26 February 2015

The Last of the De Mullins at Jermyn Street Theatre was powerful and charming too

I had originally planned to see The Last of the De Mullins on 4 February and I had a ticket for that evening ready to use but work kept me in Reading until around 11pm which was just a little too late for the theatre. Work were reasonable and let me claim back the money for the unused ticket but that still left the problem of finding the time to actually see the play.

The solution came with the addition of a Thursday matinee performance just a few days before the end of the run. Even that was not straightforward and I ended up on the day waiting for the production team to return one of their complimentary tickets, which they did at lunchtime, just a couple of hours before the sold out show started.

In anticipation of this I had come into the Central London office that day and was able to get to Jermyn Street for the 3:30pm start. I walked all the way from Kings Cross and went via Liberty to collect some furnishing fabric that I had ordered. It may have been a hastily rescheduled plan but it came together nicely.

Claiming the last seat in the house meant that I was not in the front row, for the first time I believe. Instead I was in the second (back) row of the odd little row of seats in the back-left corner as viewed from the stage. This was almost a bar stool type seat to allow people there to look over the heads of those in front. I was grateful for any seat that I could get but this one was actually quite good and I had a clear view of the stage.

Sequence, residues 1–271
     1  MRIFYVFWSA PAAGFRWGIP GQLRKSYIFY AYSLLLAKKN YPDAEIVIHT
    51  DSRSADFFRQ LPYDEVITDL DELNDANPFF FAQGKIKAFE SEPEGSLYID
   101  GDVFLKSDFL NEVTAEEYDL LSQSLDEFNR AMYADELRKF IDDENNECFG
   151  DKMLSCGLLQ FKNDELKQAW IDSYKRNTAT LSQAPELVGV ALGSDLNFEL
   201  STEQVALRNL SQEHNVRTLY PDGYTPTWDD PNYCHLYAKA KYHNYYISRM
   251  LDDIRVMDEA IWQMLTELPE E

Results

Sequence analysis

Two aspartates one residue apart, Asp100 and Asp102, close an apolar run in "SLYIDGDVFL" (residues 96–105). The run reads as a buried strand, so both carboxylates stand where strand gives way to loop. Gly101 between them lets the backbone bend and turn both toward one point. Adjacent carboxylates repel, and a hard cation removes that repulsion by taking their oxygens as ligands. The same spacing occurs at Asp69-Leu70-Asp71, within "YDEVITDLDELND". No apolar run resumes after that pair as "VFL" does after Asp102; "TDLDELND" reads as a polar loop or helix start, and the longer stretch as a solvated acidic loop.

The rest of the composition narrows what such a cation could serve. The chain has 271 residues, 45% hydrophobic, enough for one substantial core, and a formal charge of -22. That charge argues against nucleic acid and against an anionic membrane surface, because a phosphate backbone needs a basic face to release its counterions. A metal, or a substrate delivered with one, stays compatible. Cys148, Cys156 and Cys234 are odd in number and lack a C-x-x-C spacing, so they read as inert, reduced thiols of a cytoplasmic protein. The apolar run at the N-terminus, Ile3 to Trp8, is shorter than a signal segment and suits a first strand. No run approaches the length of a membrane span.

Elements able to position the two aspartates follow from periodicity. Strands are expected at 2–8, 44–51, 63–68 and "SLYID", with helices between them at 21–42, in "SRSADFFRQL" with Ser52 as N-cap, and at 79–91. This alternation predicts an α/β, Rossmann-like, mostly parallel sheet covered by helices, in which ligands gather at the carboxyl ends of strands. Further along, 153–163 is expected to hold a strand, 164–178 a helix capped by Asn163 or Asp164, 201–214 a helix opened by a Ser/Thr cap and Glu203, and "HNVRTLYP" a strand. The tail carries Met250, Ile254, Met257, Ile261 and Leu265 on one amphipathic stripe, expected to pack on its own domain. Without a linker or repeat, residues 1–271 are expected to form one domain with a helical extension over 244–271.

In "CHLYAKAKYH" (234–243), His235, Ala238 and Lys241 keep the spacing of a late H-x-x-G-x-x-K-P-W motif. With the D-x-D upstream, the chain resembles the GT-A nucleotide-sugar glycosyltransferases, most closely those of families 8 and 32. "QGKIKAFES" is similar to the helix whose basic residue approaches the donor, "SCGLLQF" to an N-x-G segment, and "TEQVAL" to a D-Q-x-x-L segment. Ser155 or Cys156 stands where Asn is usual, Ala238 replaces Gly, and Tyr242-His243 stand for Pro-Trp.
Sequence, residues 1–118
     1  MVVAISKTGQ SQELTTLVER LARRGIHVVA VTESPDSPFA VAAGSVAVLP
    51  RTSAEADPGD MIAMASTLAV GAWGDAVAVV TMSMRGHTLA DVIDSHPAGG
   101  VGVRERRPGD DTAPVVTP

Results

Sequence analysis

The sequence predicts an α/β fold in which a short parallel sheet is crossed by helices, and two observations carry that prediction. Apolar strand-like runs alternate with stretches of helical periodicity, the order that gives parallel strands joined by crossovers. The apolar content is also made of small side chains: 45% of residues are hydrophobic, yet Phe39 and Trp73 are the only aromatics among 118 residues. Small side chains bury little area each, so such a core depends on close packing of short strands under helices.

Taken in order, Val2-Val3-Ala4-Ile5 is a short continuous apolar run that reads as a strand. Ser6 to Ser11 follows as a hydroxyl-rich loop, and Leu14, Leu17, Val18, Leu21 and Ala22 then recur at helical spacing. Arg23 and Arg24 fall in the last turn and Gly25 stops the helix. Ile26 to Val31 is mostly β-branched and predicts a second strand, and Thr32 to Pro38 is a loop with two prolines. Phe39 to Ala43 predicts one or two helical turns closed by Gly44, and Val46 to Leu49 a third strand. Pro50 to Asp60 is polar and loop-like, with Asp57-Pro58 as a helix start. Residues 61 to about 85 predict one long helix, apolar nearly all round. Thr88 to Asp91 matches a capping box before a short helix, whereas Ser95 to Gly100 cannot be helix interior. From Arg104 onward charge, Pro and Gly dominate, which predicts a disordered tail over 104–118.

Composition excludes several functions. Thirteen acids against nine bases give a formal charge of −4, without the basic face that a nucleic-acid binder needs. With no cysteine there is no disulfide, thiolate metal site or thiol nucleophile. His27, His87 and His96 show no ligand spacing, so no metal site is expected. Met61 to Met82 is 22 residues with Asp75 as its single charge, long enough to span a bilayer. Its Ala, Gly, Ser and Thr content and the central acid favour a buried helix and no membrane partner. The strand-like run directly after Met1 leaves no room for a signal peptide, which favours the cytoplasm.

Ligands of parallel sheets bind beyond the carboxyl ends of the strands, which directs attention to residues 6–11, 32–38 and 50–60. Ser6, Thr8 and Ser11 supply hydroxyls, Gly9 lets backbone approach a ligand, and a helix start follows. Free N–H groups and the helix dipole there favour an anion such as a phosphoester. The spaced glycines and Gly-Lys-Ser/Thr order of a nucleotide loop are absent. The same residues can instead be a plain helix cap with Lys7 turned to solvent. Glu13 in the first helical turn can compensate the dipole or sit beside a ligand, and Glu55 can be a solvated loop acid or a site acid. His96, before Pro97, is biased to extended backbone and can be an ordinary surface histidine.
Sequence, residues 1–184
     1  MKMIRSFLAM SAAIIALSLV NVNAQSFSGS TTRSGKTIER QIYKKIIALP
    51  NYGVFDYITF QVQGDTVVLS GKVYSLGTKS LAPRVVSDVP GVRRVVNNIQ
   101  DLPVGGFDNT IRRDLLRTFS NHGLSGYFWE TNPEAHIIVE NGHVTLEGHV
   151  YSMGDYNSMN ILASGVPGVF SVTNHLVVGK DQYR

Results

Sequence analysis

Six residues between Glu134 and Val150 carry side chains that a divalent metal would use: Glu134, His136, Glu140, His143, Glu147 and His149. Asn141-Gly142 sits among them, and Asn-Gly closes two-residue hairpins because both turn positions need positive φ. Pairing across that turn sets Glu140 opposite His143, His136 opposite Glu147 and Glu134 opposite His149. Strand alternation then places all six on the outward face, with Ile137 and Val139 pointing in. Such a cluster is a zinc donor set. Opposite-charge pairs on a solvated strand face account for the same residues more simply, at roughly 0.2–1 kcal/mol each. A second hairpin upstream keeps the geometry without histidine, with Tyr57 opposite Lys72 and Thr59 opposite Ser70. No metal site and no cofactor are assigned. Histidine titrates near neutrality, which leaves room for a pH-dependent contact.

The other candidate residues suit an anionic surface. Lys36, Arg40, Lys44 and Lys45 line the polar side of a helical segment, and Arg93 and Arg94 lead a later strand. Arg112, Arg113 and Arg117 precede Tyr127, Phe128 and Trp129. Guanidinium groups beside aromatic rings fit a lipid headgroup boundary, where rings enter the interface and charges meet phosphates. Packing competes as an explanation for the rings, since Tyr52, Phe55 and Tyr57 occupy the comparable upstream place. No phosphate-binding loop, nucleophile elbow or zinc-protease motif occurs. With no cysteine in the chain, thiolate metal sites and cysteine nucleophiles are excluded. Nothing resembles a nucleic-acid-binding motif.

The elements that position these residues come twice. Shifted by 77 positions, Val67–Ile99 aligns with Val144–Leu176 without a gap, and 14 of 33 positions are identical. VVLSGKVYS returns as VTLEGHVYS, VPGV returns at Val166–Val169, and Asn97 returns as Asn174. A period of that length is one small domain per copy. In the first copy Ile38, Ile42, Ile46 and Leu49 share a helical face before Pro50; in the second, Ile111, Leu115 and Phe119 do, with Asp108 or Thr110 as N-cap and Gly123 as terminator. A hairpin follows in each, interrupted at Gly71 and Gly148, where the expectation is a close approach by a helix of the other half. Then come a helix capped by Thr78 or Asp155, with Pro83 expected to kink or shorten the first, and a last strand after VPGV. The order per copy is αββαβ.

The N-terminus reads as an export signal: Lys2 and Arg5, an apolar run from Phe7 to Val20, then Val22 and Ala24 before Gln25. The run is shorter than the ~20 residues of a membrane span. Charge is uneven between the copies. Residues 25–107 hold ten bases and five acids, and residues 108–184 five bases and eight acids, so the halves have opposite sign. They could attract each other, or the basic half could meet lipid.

The Last of the De Mullins was a period piece from 1908 and took as its theme the then growing independence of women who had been used to doing whatever their fathers told them to do, including who to marry.

Janet had left the comfortable family home a few years ago having become pregnant outside of marriage by a man she would not reveal. The split between her and her family was very deep but not quite completely broken and she came back, at her mother's request, when her father was very ill.

The relationships remained very frosty but there was some sign that time had healed some wounds. The father was especially pleased to see Janet's son, now eight years old. The boy had grown up well and the father lacked an heir.

Complications came from Janet's sister who was less forgiving and a chance encounter with the boy's father who was about to be married.

The play focused on the cosy countryside life and the role that Janet could play in it if only she would agree to move back and carry on as before. The father thought that this was the obvious thing to do, Janet had other ideas.

The many relationships involved made this a charming story and it could have ended sweetly if not for the powerful independence of Janet, masterfully played by Charlotte Powell (who I had also liked in The Duchess of Malfi at the Southwark Playhouse). In a play about personal relationships the acting really mattered and the cast were strong throughout.

I was also delighted to discover that the play was set in Dorset. I think the actual village was fictional but Weymouth got lots of mentions and some of the key historical events had happened there.

The Last of the De Mullins easily managed to defy its considerable years and it had both a good story to tell and an important message to give.

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